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Cavitation – Practitioner Experience Best Indicator of Success

cavitation, spine, joints

Practitioner Experience Best Indicator of Success in Cervical Spine Manipulation Cavitation

 

Cervical spine studies have historically indicated that manipulation (and the generation of cavitation) by a qualified practitioner is the most effective means of treatment for neck pain, far exceeding placebos or exercise. Though there are various definitions and modalities of cervical manipulation, in general, treatment involves the use of applied force in a single direction perpendicular to the affected cervical joint surface. The widely-accepted indicator of the success of any manipulation is an audible “pop” or other sound produced by the joint’s cavitation, regardless of which technique is applied in the manipulation.

A recent study 1 compared the results of four practitioners’ spine manipulation therapies on the relative range of motion (ROM) in four control groups. The subjects of the study—students with no history of neck pain—were analyzed for relative ROM prior to, and after manipulation therapy. Practitioners involved in the study represented a range of experience (1,20, and 20 years) in cervical spine manipulative therapy. They employed “classic” HVLA technique (in which the patient is in an upright, seated position, with shoulders relaxed) on their subjects, who were fitted with spine motion analyzers attached to an adjustable helmet and harness prior to their manipulations. The volunteers—9 women and one man whose average age was 25 years—were manipulated one-to-four times by each of the four practitioners, who were instructed to discontinue the manipulations after achieving cavitation or after four attempts. An independent observer collected kinematics data during the experiment. This data was later analyzed to determine the rate of cavitation occurrence during each practitioner’s C3 and C5 thrust manipulations. The procedures used in the study employed a low magnitude of axial rotation to reduce the risk of potential cervical artery dissection.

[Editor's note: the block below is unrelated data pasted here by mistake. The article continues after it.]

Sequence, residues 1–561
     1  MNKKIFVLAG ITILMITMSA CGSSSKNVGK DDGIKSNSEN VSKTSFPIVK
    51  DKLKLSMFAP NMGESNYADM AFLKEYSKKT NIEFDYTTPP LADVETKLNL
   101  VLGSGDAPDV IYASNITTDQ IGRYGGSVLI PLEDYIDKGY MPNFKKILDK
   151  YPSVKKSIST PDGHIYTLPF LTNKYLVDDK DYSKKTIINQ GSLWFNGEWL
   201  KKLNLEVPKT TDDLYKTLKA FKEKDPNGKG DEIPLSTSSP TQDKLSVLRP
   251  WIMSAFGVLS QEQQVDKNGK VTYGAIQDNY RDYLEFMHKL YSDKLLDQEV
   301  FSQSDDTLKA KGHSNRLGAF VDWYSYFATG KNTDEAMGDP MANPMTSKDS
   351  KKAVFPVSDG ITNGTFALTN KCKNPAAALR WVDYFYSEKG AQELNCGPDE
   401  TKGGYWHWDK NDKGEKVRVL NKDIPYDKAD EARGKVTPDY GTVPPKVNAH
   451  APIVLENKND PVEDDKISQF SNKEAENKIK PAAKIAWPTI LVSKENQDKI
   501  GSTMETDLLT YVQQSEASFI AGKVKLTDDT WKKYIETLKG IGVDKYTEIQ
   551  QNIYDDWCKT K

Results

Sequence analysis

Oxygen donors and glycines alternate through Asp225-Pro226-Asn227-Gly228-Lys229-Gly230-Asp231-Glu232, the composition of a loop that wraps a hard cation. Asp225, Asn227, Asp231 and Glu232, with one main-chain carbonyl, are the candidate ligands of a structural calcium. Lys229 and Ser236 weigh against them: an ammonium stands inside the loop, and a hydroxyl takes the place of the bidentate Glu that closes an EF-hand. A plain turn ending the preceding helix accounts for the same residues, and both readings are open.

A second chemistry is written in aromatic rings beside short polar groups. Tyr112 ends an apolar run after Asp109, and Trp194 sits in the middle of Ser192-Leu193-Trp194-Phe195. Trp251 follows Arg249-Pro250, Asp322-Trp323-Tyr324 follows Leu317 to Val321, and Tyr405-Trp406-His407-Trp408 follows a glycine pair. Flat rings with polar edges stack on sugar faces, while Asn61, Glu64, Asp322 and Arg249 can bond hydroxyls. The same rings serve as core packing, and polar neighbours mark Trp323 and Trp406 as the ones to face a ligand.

The study concluded that there was little relevance in the direction of applied forces in the vertebral manipulation. Rather, the number of years a practitioner had been in practice was a more reliable indicator of kinematic impact on the subjects in the study. The most experienced practitioners most consistently achieved acceleration magnitude and produced cavitation. Their therapies consistently improved neck mobility and relative ROM in their subjects, suggesting that certain kinematics parameters are most likely linked with the occurrence of cavitation for thoracic manipulation.

 

 

 

  1. Assessment of in vivo 3D kinematics of cervical spine manipulation: Influence of practitioner experience and occurrence of cavitation noise
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